GH:  I haven’t listened to it.  [From] late 2012 to mid 2013, I was listening to it so much that, I would say by the end, it was nauseating- just a lot of listening and processing and being like “okay, I like this, this, this.”  It became like a lot of us were breathing the record, where I know everything that’s going on with this thing.  Just the thought process was like- a lot was going into it.  It’s reached the point where I just don’t care.  I would say I don’t want to listen to it.  It’s interesting; Chris and I listened to my old band’s LP on the way up here.  There becomes a point where you can go back and listen to something… You need to take a break from it to actually go back and think “okay, well this is what it was,”  instead of being like “well I play these songs every night so it doesn’t really mean as much.”  It was really interesting right as we were really working on this LP and get towards the end of it, I went back and listened to our Deer Leap split for the first serious time in god knows how long and I remember that record being finished and listening to it and being like “I don’t know if this is going to stack up to the previous material that either I or anyone else has been a part of.”  And now I can go back and be like “okay, I’m stoked that we did this, this, this.  This is all really cool.” And I can listen to the recording and it’s a pleasant thing.  It reminds you of that time period, you know?  That, I guess, is what’s important.  A record is supposed to capture a moment in time.  It’s not supposed to be just like “oh hey, this is the thing that is going to get us more popular right now.”  That’s bullshit.  We don’t really care if our next record, no one likes.  We are going to make the art we want to make.Keep Calm:  Mentioning the next record, you played some songs off of it last night.  A lot of them were spoken-word-driven.  Is that what you are going for?  Should we be expecting a spoken word album?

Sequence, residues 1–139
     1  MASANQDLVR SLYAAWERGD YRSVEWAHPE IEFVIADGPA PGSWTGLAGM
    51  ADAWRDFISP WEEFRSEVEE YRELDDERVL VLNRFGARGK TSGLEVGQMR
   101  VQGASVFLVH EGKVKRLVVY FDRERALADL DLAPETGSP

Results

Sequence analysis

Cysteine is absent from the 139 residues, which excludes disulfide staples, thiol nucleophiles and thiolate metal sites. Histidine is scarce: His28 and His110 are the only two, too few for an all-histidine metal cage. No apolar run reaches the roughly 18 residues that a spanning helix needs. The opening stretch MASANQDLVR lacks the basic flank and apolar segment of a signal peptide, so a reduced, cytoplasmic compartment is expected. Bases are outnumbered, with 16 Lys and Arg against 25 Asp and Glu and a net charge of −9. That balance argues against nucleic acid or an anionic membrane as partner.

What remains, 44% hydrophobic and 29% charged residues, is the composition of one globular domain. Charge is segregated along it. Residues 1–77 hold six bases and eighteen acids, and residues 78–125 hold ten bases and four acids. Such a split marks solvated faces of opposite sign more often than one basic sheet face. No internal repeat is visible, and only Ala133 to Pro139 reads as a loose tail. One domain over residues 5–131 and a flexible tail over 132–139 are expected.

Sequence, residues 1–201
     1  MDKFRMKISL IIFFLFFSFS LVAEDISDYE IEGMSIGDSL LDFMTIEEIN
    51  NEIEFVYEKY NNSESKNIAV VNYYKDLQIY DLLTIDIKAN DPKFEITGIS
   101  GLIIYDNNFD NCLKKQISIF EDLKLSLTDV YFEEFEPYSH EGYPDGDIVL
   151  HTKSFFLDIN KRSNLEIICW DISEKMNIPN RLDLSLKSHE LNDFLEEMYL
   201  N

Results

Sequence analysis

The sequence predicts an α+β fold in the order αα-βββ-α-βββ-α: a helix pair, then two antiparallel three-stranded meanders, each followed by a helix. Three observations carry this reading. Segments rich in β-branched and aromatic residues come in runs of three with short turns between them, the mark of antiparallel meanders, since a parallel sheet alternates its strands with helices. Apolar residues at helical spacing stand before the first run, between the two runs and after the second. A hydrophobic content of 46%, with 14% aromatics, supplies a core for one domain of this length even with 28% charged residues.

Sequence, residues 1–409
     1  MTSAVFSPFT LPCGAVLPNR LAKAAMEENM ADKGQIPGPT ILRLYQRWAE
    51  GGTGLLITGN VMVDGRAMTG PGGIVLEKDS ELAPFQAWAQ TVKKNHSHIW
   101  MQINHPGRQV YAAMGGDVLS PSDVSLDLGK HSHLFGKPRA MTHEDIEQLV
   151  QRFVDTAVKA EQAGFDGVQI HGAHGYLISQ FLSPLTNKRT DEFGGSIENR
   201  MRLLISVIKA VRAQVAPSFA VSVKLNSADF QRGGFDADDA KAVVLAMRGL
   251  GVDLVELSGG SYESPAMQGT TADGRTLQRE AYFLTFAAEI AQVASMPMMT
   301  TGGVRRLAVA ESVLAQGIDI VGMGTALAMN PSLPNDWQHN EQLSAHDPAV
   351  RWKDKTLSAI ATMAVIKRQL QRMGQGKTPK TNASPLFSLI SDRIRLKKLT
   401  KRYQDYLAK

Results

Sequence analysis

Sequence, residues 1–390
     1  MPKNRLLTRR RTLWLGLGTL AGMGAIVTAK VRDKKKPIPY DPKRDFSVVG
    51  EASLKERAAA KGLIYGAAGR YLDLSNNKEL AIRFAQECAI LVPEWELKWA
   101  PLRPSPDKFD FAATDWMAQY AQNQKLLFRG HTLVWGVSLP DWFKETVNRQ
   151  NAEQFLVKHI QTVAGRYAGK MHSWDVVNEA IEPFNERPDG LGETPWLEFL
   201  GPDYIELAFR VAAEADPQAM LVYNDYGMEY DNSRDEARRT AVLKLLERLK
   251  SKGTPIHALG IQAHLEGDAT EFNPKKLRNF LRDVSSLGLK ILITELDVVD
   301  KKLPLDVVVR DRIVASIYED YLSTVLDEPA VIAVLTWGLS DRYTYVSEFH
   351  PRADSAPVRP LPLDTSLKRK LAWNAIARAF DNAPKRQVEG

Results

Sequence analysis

CZ: This record is weird.  This record is the weirdest, it’s strange.  There’s a lot of spoken word on it, which I do.  There’s also a lot of Dave singing on it, which he only does live on one of the songs right now.  But the song that was the most “there,” Dave regularly sings on on the album but when we perform it, he does not.  It’s a noisy record.  It’s a strange ambient rock record.  It has lots of spoken word.  It has a lot of Dave singing but it also has- there are also parts that I do that aren’t strictly soft spoken word parts, that are more like mewithoutYou-shouty vocal parts.
GH: The record itself, we’ve been talking about doing it for a long time.
CZ: Probably April 2012, we first started talking about it.
GH: Yeah, we first started talking about it.  The beginnings of it were kind of as a fun recording experiment.  We had a lot of interludes that had been [created] over the course of years playing live shows.  We don’t really practice any of the interludes we play between songs, ever.  Those pieces develop over a series of months and after playing shows and shows and shows, you all start to lock into one another.  So we went into the studio like “let’s try to record some of those things. Let’s just try some other stuff.”  It was interesting- the guitars were recorded first, instead of drums first.  We didn’t really know what we were doing.  We were just like “let’s go into the studio and try to make a record.  We won’t really plan it and see what happens and if it sucks, we won’t tell anyone about it.”
CZ: That was a very legitimate fear, even up until the point where I finished recording.  Until I was done, I think everyone was pretty afraid that it would sound pretty bad or just be boring.  I think though this record is difficult, it is not boring.Keep Calm: Are you guys done recording now?
GH: No, we have some work we have to do in May: keyboard layers, the finishing touches.
CZ: More vocal parts.
GH: It’s close but it’s also interesting because we’ve been touring so much and everyone has a series of other commitments we have going on in our lives that it’s been tough right now to really get a lot of stuff done.  We actually plan to not tour at all this summer so we can just focus.  Not even to just finish this.  We’ve been calling this the second LP, but this is really the wildcard record.  We started to also work on next “formal” LP, as well, on top of a series of split 7″s, and some other stuff as well.  We just want to have a streaming output but we are going to start it off with the wildcard record.


Keep Calm: You’re recording this through Silver Bullet Studios, correct?
GH: At this point, yes. Correct.
Keep Calm: And, Chris, you said you could talk about that a little bit and give us more information on that.